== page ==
I planted an Aristocrat Pear tree about a month ago. It was droopy when I got it but thought it was due to being in the pot for too long and not getting enough water. I figured it would get better after I planted it.

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Unfortunately it's gotten worse. I gave it plenty of water and am now wondering if that might be the problem.

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I had read something about overwatering and the ground getting over compacted but can't seem to find it now. I tried loosening up some soil around it and only waterring to the roots but that hasn't helped.

What can I do to save my tree?

  • Just a comment on overwatering: yes, interesting I've heard from a neighbor the same thing: that overwatering can cause soil compaction, and, just by that fact, be bad for a tree. Sounds a bit strange admittedly.
    – Alex Alex
    May 19, 2021 at 8:29
  • I keep whatever I said in my answer, but can you please check if you have some symptoms of a decease on branches. Any bark peeling, sap, white or dark dots, etc? In other words, do branches and trunk look completely healthy to you or not?
    – Alex Alex
    May 19, 2021 at 10:05

2 Answers 2


Overwatering is not likely the issue - pear trees are known for their ability to survive in wetter areas than say apples, peaches or cherries. The drought situation is another matter entirely.

If the tree came from a reputable source and you paid a fair price for it then share your experience with the supplier. They may be able to assist under a warranty programme since it was so recently obtained. If you get a replacement then no further action needed.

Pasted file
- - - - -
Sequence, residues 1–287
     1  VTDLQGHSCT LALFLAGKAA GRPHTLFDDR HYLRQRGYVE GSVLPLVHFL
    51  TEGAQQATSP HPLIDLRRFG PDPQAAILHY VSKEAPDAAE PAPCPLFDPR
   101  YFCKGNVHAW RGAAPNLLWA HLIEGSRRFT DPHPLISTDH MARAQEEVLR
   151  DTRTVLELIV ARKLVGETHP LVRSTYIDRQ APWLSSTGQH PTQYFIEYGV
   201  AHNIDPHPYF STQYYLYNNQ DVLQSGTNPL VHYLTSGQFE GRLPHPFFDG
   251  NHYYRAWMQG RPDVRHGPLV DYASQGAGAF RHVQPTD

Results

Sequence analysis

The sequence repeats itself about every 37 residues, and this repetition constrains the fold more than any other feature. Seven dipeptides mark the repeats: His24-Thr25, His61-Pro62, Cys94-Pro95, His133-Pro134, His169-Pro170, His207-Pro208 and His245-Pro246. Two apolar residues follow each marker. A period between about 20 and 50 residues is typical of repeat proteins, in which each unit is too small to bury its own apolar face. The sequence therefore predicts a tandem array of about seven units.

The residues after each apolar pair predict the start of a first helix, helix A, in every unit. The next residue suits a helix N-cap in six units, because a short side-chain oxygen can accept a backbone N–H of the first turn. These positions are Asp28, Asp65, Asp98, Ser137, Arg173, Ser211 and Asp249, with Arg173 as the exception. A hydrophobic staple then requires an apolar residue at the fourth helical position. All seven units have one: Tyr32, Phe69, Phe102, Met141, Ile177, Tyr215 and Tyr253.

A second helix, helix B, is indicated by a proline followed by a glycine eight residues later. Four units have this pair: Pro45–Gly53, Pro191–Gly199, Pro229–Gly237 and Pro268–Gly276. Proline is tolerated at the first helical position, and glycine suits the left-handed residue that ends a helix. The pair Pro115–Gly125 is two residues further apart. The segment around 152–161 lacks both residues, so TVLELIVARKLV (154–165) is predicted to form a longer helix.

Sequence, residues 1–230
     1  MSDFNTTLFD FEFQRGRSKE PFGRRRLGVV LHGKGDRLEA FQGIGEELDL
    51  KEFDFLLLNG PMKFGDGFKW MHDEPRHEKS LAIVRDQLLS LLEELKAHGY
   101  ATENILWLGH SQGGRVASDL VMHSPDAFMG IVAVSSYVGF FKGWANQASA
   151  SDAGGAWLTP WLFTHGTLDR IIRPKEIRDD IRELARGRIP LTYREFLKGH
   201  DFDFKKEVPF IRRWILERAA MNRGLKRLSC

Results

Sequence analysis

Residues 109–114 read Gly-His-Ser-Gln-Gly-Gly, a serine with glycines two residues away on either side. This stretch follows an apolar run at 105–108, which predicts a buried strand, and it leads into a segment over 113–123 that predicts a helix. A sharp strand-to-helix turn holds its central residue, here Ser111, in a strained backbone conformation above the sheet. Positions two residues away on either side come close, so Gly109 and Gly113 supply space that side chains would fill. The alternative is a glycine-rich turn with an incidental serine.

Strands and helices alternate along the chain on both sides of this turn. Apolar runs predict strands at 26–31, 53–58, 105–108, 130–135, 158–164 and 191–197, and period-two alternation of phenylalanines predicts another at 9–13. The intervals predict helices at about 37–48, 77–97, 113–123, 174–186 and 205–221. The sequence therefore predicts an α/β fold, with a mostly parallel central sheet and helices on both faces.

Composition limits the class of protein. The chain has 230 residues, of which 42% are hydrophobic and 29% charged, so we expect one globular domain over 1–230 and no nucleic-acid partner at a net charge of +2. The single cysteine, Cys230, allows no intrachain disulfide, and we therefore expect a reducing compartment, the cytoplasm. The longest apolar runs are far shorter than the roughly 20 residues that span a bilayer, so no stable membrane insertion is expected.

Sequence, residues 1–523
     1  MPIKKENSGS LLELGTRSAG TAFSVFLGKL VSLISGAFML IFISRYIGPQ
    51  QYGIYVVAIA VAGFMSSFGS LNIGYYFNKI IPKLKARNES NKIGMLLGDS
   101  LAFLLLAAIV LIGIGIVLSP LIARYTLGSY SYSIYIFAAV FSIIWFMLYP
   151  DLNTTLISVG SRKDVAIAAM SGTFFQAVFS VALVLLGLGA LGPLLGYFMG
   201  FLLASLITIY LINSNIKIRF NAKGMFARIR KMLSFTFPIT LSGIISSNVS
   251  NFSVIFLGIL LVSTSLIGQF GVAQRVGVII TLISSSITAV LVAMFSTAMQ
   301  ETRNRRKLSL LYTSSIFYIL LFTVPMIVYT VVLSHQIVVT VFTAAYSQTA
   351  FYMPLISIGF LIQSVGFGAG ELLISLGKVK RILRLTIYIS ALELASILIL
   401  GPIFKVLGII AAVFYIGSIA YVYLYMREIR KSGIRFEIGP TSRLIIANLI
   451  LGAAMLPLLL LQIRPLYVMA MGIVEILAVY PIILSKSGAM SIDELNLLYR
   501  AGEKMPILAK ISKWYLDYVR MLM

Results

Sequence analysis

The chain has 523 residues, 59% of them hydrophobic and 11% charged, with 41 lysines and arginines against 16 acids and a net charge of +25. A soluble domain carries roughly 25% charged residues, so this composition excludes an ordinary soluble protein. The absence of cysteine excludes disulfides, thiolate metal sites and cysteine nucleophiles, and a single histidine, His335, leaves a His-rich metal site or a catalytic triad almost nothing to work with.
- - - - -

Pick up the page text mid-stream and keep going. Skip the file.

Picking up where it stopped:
Otherwise, from the pictures it looks like it might have been a container grown tree which was at one time doing very well but then as you surmised went through a dry spell. If the root ball came out of the pot in one piece and did not fall apart when planted then check the lower trunk for signs of damage such as an embedded tie wire. Borers are not likely an issue as they might be in other fruit trees. If all looks good it is possible the top has too much foliage to be supported by the existing root. In this case cut back the top by one third to a half to give the root chance to catch up again.

What can happen is that nurseries buy in bare root trees and put them in pots and sell them on quickly as much higher priced container trees but with clearly compromised root systems. Things get busy, the trees are given a lower priority and a few days of hot weather desiccate the trees with the result that suddenly some trees are worth nothing. Once beyond a certain stage of dryness (which happened before you became owner) it may not be possible to save the tree even with drastic pruning.


It appears the tree is about to lose all its leaves.

On the other hand, I don't see any dehydration signs in the trunk and branches (branch and trunk bark would have became gnarled by now if that was the case).

This may be just its reaction to the shock (handling in the nursery, replanting, possible inadvertent root damage, environment change). In other words, it is a natural thing. It is not uncommon for the deciduous plants to lose all their foliage under some shock, this is most of the time actually a deliberate act of defense for them.

My advice is: Water the tree with 5l of water twice a week. But, right to the area of the roots - not left or right. Be ready to wait more than a month, and possibly more than two months for the first signs of recovery. Only water, no fertilizer, and no more water than I mentioned.

So, it is simple, but bad for your nerves during that period. I advise you to just mechanically follow the procedure and not get too emotionally involved. :) I wish you success.

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